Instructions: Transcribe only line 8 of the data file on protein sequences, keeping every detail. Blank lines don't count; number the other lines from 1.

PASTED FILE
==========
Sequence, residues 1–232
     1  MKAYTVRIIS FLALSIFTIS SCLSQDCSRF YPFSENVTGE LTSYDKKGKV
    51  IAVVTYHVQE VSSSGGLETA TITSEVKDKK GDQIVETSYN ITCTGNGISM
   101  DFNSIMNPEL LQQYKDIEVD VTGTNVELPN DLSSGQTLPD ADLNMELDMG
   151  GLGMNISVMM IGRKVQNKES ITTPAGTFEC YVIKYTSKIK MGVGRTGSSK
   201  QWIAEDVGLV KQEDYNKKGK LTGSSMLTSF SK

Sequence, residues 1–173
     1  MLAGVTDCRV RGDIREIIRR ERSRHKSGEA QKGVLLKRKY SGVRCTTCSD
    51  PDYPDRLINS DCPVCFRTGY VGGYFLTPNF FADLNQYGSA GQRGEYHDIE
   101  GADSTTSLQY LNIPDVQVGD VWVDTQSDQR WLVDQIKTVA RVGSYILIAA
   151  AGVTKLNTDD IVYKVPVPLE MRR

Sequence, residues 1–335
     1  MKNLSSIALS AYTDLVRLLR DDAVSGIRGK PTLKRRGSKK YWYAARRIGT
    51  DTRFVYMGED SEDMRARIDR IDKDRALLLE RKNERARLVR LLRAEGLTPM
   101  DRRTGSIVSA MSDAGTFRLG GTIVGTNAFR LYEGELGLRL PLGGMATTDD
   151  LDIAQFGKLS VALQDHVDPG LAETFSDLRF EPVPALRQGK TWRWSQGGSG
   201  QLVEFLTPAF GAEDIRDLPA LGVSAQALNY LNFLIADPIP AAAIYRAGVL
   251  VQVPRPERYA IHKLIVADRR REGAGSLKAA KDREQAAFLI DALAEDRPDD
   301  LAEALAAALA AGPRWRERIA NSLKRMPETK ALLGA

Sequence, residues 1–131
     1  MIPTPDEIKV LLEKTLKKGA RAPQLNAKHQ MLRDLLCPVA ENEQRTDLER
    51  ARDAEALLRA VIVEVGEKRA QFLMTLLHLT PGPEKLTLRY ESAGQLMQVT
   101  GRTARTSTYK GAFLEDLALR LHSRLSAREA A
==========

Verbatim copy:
     1  MLAGVTDCRV RGDIREIIRR ERSRHKSGEA QKGVLLKRKY SGVRCTTCSD